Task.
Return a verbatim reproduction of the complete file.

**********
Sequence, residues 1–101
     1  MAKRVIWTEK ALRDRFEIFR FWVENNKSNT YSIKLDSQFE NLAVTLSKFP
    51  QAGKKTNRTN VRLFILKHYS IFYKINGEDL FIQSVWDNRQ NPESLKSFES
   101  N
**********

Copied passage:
Sequence, residues 1–101
     1  MAKRVIWTEK ALRDRFEIFR FWVENNKSNT YSIKLDSQFE NLAVTLSKFP
    51  QAGKKTNRTN VRLFILKHYS IFYKINGEDL FIQSVWDNRQ NPESLKSFES
   101  N